Health care bills were passed in June of 2001 for Florida that authorize provision of and access to complementary or alternative health care treatments and require patients to be provided with certain information for those treatments. They also revised Florida's Patient's Bill of Rights & Responsibilities to include right to access any mode of treatment patient or patient's health care practitioner believes is in the patient's best interests. This upset the American Dental Association.
It is one of the requirements of the alternative practitioner to disclose the patient's bill of rights in Minnesota as of July 1st, 2001 because of their new Complementary and Alternative Health Care Freedom of Access bill Gov. Jesse Ventura signed into law.
If you are in Missouri and would like to work towards a similar health care bill, contact Heather Reynolds. The backing organization, Missouri Citizens Coalition for Freedom in Health Care, is mostly concerned about vaccination laws.
Know your limits to what you can say when dealing with a possible fatal disease. In 1996, oncologist Vincent Speckhart, MD, was ordered to pay the widow of deceased patient Robert Rizzi $235,715. Rizzi's widow charged that Speckhart led her husband to believe that homeopathy was enough to cure him of his Hodgkins' disease after Rizzi refused further chemotherapy because of side effects. Mrs. Rizzi had asked for $2.3 million. Dr. Speckhart was on indefinite probation since 4/29/93 in Virginia for using a Voll machine without accepted therapeutic purpose.
In another cancer case, William Cowden, M.D. used homeopathic injectables in Texas and under agreement received two years probation in January of 1995 as long as he agreed to retraining.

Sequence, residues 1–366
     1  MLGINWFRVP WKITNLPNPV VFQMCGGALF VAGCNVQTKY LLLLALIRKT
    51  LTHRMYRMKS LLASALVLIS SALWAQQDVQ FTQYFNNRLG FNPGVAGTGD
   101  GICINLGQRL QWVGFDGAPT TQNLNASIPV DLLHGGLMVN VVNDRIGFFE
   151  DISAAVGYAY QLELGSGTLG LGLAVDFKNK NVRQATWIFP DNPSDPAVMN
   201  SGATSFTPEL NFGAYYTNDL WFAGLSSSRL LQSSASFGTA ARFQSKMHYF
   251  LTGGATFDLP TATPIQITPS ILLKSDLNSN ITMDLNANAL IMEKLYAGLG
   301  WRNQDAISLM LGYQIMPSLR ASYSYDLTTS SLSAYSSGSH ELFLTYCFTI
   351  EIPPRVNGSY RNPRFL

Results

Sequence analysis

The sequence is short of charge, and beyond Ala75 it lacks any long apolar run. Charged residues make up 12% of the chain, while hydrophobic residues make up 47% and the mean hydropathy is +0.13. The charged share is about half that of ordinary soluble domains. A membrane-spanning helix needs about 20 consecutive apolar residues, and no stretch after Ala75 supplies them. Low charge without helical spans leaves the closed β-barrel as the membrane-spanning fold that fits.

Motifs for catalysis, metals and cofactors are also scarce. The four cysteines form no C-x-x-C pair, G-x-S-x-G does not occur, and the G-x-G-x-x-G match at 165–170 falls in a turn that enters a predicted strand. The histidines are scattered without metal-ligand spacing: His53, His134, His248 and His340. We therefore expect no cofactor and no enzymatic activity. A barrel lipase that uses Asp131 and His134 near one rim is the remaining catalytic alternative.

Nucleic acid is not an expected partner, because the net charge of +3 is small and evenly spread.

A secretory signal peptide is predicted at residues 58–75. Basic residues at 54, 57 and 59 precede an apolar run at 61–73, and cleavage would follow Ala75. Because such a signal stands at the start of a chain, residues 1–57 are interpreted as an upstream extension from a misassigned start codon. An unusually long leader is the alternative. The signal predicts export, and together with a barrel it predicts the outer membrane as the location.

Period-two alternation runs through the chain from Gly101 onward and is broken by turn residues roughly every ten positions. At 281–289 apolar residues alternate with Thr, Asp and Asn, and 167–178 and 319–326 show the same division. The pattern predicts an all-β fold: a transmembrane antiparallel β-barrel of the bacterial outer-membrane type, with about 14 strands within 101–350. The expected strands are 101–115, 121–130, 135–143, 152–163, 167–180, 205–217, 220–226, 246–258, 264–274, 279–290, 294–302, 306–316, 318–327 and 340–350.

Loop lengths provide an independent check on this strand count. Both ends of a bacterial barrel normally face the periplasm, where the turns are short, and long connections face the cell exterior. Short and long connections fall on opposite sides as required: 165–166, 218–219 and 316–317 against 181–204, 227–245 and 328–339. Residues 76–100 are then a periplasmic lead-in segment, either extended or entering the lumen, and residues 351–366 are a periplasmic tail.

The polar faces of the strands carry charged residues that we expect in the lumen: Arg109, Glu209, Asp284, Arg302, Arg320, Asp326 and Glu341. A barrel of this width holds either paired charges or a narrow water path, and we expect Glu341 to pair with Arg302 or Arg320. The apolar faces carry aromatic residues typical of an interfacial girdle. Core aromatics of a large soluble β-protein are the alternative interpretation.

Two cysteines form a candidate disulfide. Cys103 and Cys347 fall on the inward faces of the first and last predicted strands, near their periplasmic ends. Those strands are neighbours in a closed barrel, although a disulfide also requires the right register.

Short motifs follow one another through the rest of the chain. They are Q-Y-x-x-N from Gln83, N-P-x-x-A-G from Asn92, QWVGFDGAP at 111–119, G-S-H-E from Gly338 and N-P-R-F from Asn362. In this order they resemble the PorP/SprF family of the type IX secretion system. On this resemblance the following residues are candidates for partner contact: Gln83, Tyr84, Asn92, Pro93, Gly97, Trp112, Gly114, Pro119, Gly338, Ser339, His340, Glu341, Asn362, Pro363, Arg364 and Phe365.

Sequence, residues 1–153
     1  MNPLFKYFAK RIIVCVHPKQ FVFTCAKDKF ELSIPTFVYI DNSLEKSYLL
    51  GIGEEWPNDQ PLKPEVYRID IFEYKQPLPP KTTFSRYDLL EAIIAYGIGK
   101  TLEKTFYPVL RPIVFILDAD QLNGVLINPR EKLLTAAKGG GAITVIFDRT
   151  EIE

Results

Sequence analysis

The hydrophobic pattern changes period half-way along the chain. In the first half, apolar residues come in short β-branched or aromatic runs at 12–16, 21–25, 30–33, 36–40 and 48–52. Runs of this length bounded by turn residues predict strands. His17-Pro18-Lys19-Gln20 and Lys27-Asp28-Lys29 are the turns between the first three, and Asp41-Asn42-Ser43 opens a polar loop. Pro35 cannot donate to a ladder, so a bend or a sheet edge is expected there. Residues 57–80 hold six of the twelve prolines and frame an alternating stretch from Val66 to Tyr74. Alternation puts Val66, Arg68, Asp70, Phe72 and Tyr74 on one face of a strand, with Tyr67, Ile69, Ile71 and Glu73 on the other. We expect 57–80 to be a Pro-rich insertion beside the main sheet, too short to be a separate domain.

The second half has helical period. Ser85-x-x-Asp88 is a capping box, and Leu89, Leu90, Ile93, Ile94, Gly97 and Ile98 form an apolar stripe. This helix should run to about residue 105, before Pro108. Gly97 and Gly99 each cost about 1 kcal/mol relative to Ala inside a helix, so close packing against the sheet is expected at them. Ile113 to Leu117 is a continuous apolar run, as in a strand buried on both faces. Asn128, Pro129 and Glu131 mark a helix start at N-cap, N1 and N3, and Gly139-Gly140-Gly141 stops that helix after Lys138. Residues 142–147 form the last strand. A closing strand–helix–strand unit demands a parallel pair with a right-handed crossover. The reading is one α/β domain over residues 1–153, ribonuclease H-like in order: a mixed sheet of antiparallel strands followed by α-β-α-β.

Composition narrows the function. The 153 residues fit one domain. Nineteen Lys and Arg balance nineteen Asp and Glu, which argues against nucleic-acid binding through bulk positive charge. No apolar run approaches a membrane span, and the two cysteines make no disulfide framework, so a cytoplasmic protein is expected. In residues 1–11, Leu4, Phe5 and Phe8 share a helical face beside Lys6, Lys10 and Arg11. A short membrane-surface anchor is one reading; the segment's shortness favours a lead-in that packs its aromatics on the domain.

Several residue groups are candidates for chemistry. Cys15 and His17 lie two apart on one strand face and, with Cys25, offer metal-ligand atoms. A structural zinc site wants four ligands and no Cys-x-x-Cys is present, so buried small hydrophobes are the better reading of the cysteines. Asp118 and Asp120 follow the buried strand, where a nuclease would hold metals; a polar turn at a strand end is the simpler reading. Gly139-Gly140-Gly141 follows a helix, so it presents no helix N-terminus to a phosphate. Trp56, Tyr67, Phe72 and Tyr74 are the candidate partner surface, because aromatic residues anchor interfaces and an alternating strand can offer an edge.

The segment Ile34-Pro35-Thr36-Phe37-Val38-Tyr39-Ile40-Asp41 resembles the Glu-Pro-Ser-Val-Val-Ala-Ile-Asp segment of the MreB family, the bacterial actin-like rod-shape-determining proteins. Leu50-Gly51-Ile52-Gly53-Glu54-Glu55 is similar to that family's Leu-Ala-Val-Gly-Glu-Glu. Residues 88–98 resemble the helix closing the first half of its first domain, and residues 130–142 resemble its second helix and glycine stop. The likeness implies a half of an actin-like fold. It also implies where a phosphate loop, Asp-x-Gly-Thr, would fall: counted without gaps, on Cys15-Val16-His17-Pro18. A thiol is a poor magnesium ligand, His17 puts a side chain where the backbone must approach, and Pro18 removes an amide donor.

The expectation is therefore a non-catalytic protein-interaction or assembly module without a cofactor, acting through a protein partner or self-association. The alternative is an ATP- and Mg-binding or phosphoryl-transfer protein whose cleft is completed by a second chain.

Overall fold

For an exposition of the FDA’s current view of the legal standing of homeopathy on the federal level, see "Homeopathy: real medicine or empty promises," FDA Consumer, 12/96.
As of 1999, two members of the North American Society of Homeopaths (NASH), one of the most respected groups that currently has about 60 RSHom (NA) recognized members, were being investigated by their states. NASH has as one of its objectives to work toward the legal recognition of homeopathy and has very high standards for the certification.
It was thought that the primary risk for an unlicensed practitioner was through the client. But the recent cases made it clear that the state can pursue lawsuits against an unlicensed homeopath with little or no provocation.
Since then, NASH has negotiated medical malpractice insurance through several carriers and is available to NASH certified homeopaths. Malpractice insurance is one way conventional doctors protect themselves from financial ruin and has not been available to the homeopath until now. For more specific information concerning that contact Steve Waldstein.
One of the most notable cases of a lay homeopath doing a good job and the courts getting upset was Dana Ullman's incident in 1976. Dana is perhaps the person who has done the most for homeopathy since his court case in that he pursues the evangelism of homeopathy through the NCH and his mail order company, Homeopathic Educational Resources. He prescribed homeopathic medicine and was arrested for practicing medicine without a license. But he won an important settlement in 1977 in the Oakland Municipal Court in which the court allowed his practice under two stipulations:
For more legal issues concerning alternative health (and very often homeopathy), see Monica Miller's Health Lobby web site. She also is in charge of Government Relations for the Foundation for the Advancement of Innovative Medicine.
Tim is a consumer health advocate that is known to be the Quackbusters' number one nemesis. He runs a website called CrackpotWatch where he publishes a newsletter.